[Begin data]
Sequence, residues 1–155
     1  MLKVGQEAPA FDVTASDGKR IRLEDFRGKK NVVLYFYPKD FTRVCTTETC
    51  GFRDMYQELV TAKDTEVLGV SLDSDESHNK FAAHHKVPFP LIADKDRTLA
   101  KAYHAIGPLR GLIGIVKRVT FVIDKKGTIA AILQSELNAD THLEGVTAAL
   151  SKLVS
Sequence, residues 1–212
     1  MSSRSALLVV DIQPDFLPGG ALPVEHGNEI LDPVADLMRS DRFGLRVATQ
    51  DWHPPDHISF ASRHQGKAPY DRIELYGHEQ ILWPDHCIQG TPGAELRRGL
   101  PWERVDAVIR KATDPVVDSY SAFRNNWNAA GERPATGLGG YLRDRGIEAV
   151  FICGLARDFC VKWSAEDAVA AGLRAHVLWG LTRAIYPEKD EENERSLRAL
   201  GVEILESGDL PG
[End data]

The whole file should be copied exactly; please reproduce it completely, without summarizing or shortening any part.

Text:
Sequence, residues 1–155
     1  MLKVGQEAPA FDVTASDGKR IRLEDFRGKK NVVLYFYPKD FTRVCTTETC
    51  GFRDMYQELV TAKDTEVLGV SLDSDESHNK FAAHHKVPFP LIADKDRTLA
   101  KAYHAIGPLR GLIGIVKRVT FVIDKKGTIA AILQSELNAD THLEGVTAAL
   151  SKLVS
Sequence, residues 1–212
     1  MSSRSALLVV DIQPDFLPGG ALPVEHGNEI LDPVADLMRS DRFGLRVATQ
    51  DWHPPDHISF ASRHQGKAPY DRIELYGHEQ ILWPDHCIQG TPGAELRRGL
   101  PWERVDAVIR KATDPVVDSY SAFRNNWNAA GERPATGLGG YLRDRGIEAV
   151  FICGLARDFC VKWSAEDAVA AGLRAHVLWG LTRAIYPEKD EENERSLRAL
   201  GVEILESGDL PG